Saltwater:Inshore: Capt. David Newlin reports, “May has been a good month of fish catching. The weather has been pretty good, and the fish have cooperated nicely. The water temperature is in the upper 70s and should hit 80 around the first week of June. The redfish bite has been really good with a good number of slot-limit fish and more 27- to 34-inch fish than we usually have in the month of May. I have caught a big redfish or two almost every trip over the last two months. The redfish will be all over the shallow-water flats next month. They have been shallow and in the deeper places the last few weeks. Almost always a live shrimp will work best when redfish are feeding. During the summer months, I will catch a lot of redfish on a big shrimp or a 3- to 5-inch mullet using a weedless hook by just casting it up in the marsh grass when you see any kind of movement in the water. Coastal Georgia water is often too dirty to see fish and tell what they are. When you see ripples in the water, throw a shrimp quietly nearby. It maybe a redfish, trout, shark, tripletail or a long list of shrimp eating fish. Early and late in the day, the topwater activity can be quite noticeable. The trout bite has been good and will be good right on through the summer. Almost all the usual summertime spots have some trout on them now. The usual live shrimp under a slip-cork rig has been working. As we get into summer water temperatures, the bait-stealing fish will start to get thick, and a small live mullet or polywog will sometimes get through the small fish that will eat your shrimp. This is topwater trout fishing time. This is one of the most fun ways to catch a trout in saltwater. MirrOlure, Zara Spooks and a lot of your bass fishing lures will catch a trout. I carried a client last week who caught three trout on a Whopper Plopper. He caught a couple ladyfish, and then a bluefish decided to cut off his $15 plug. I sometimes will fish a 4-inch piece of 20-lb. single strand wire on my lures to try to keep from loosing them to the toothy critters. I think you can catch more trout without the wire, but you will loose some lures. The best time to catch these topwater trout is the first hour of daylight and the last hour before dark. In June, a lot of trout should move out on the beaches. When a west wind is blowing, head to the beach front. Look for any structure, trees, old wrecks, small drop-offs, tide lines and any kind of change in the beach that will hold baitfish. Fish a noisy cork with a shrimp a few feet under it. Imitation shrimp will work good when the water is clear. Some days you can actually see trout chasing bait on the surface. Everything that should be biting seems to be. Black drum are in good numbers. Fish deep curves that have some cover in them. A shrimp on the bottom will work. Sheepshead have been good in several places in the sound. The whiting bite has been really good. I can usually stop for an hour and put 25 or more in the boat right on low tide. This will be good all summer. Probably the most fun fish to catch are the bonnethead sharks. Watch for them swimming along the mud flats. Flip a shrimp in front, and hang on. They are one of the most overlooked food fish that we have. I consider them to be one of the best eating fish that we catch. Carry a real sharp pocket knife. I carry a Havel’s scalpel knife. When you catch one of legal size (30 inches to the fork), throw him in a cooler until it dies. Pull it out, and get your fishing partner to hold it by the tail over the side. Cut the belly open, put the guts in the river, and in one minute, you are done. Fillet it when you get home, and I promise you will start keeping them. A lot of sharks and a few tarpon have already started showing up. We seem to have a good crop of pogies showing up in big schools. The big predator fish are usually right behind them. Any fresh, bloody fish will catch a shark. A good chum slick never hurts. If you can find a working shrimp boat that is picking up nets or cleaning the fish off the deck, that is usually a shark magnet. Put a piece of fish under a noisy popping cork, and you should be in business. The shark regulations are complicated, so make sure you can identify your sharks before killing one. One of the easiest identifications are the dorsal fins. If it has two large dorsal fins, let it go. It’s a sand tiger and can’t be kept. Every year we hear about people killing big illegal sharks just to get a picture and throw it away. Don’t do it. It looks like June should be a good month for about everything we usually catch. I have been tagging a lot of big redfish in the Ossabaw Sound area. If you catch one, just clip the tag and release it. Send the tag to DNR in Brunswick please.” Capt. Judy Helmey reports, “This would be the month to bring out the cast net and catch your own bait. Inshore fisherman can leave the dock without bait because peanut menhaden, finger mullet, mud minnows and shrimp are available and plentiful. All of these baits will work under traditional adjustable floats or popping corks, Carolina-style rigs or by fishing just plain naked. For those fishermen who want to use artificial lures, pick up an assortment of different colors of Strike King soft jerkbaits. Good colors are baby bass, ice, Arkansas shiner and smokey shad. These baits work rigged weedless on a 3/0 worm hook or threaded on to 1/8-oz. red, black or white jig heads. Cast them out, let them fall, and normally these lures never make it to the bottom before strikes happen. The Berkley Gulp! Alive is a great soft artificial bait that comes in many forms and flavors. These baits will work rigged on jig heads or under corks. It works whether it is in its original shape or not. After this bait is destroyed, I have taken the leftover parts, sliced the pieces up, dropped them back in the sauce to marinate and used them while bottom fishing. Also try a D.O.A. artificial shrimp. This artificial bait can be hooked up just like you do the real live shrimp. You need some of the new 2.75-inch shrimp, and the colors that have been proven by the fish are clear red glit and figi chix. These shrimp patterns come rigged with a keel weight for balance and are already threaded on to a hook. Charter boat captains swear by this D.O.A. lure. However, when using it for any sort of float fishing, we suggest making these changes. It’s best to remove the hook that the D.O.A. comes rigged with, while leaving the keel weight in place. I suggest taking a 2/0 kahle hook and hooking up the artificial shrimp as you do the real thing. When it comes to using this design, it is a must that the shrimp be balanced on the bend of the hook. Once embedding the hook, give the lure a pull, enlarging the hook’s hole, which allows the currents to swing it more naturally. When using a DOA 2.75 under a popping cork, I suggest using a 3- to 4-foot leader. For the leader material, I suggest 15- to 20-lb. Ande pink fluorocarbon or regular clear monofilament. While using a popping cork, your fish hit can come from your immediate splash down to after using your personal popping sequence or from a personal erratic freestyle retrieving method. During this month, the inshore shark populations are plentiful, which means they are hungry. For those fishermen who want lots of pulling sport, I suggest light-tackle shark fishing. The best bait during this time is blue fish, yellow tail or whiting steaks. It’s best to use these baits the same day they are caught. However, if you aren’t that lucky, then use what you have. Fresh cut fish offers a smell that sharks are drawn to. When using whiting, I suggest scaling and also cutting the tail off. The removal of the scales helps you get a more solid hook-up, especially when a softer bite is delivered. With the tail removed, fresh scents are delivered at intervals, which keeps a scattered smell around your bait. My father used to always say, ‘The larger the bait, the bigger the bite.’ In this case, it’s true. The bigger piece of bait normally does attract a much larger shark bite. Make sure you have plenty of line and a fisherman, or maybe two, strong enough to reel them in.”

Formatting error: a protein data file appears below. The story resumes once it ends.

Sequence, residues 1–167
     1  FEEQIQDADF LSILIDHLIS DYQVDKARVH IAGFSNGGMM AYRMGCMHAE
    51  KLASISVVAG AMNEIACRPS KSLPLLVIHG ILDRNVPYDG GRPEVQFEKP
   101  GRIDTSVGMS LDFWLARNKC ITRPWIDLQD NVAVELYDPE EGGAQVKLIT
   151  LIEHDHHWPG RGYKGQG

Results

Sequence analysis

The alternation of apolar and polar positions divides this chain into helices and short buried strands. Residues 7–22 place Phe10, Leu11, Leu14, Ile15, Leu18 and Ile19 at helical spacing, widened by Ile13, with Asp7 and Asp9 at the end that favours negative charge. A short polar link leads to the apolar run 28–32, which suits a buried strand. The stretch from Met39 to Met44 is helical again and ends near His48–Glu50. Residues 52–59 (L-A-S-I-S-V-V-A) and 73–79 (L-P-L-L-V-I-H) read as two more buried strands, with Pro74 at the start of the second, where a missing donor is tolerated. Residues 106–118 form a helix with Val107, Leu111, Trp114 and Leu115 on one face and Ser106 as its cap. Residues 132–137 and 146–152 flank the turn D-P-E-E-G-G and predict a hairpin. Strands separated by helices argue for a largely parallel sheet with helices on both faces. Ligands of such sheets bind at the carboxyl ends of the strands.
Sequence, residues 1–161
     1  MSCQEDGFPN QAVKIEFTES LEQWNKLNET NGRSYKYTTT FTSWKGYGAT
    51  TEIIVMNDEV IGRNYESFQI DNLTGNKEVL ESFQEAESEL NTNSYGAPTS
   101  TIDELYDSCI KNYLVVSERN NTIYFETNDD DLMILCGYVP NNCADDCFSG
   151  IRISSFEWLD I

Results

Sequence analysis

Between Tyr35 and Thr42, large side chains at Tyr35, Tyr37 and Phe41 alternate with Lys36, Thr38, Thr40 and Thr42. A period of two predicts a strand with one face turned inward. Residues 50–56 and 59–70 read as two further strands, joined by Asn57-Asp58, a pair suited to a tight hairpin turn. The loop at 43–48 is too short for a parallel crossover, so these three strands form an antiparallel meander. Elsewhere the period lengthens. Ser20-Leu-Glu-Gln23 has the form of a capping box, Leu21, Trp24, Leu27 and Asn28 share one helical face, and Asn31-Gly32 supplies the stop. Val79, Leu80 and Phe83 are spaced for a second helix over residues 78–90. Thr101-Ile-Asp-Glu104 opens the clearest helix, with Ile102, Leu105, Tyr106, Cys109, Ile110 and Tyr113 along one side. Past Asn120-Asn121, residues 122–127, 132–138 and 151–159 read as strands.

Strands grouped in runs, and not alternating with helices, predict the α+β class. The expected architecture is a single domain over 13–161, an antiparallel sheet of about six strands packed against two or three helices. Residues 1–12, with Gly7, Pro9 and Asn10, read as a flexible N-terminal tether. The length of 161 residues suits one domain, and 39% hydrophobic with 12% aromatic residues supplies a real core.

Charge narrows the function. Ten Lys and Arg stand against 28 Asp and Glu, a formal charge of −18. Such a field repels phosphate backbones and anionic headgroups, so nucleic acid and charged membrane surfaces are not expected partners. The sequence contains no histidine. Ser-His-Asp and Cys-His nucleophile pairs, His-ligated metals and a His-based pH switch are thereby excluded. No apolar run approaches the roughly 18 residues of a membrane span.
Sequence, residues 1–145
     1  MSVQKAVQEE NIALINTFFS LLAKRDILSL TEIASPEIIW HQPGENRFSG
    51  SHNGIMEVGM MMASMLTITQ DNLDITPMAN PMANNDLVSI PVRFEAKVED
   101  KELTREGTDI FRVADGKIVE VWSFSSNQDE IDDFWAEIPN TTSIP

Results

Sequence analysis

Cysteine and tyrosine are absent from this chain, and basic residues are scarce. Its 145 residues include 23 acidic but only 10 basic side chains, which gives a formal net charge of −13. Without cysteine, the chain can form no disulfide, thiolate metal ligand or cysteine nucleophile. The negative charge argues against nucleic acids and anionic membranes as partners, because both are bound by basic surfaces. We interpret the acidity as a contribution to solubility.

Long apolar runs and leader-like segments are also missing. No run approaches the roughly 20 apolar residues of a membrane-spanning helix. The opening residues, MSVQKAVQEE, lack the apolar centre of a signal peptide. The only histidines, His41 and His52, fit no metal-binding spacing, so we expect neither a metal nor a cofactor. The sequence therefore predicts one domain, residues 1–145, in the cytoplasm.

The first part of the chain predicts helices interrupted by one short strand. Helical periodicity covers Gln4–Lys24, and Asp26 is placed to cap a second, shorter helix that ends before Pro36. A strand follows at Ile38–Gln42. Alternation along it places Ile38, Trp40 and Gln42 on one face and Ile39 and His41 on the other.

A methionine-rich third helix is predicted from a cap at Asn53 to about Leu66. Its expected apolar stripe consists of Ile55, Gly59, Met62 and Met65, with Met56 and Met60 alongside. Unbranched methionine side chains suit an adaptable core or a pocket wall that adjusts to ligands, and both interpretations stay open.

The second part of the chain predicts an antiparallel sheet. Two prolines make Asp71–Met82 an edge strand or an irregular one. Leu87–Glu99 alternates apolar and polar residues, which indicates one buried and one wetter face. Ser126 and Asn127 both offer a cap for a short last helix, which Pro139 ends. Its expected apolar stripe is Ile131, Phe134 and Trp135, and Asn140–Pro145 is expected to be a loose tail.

Nearshore: Capt. Judy Helmey reports, “June is mackerel catching time. For Spanish mackerel, all you need is a small 0 or 00 Clark spoon to get this catching job done. These spoons work great being pulled 10 feet behind 2-oz. trolling sinkers or small planers. I always keep No. 1, 2 and 3 planers on board to pull lures at different depths. If you find yourself surrounded by surface-holding Spanish mackerel, you can stop and pitch your favorite small-size lure. Just about anything will work as long as it matches the hatch, and it’s got some shine. The king mackerel bite will get hot and heavy. Best artificial bait is the ever-popular 3 1/2 Drone spoon pulled at around 5 to 7 knots behind deep-running planers. I like using at least 30 feet of leader between the Drone spoon and the planer.  For live bait, use Duster skirt rigs with stinger hooks in tow. You can purchase them pre-rigged or not. Best live baits are going to be the nervous baits, like Spanish sardines, cigar minnows or any small, shinny bait that can move up and down quickly in the water column. King mackerel like bling!”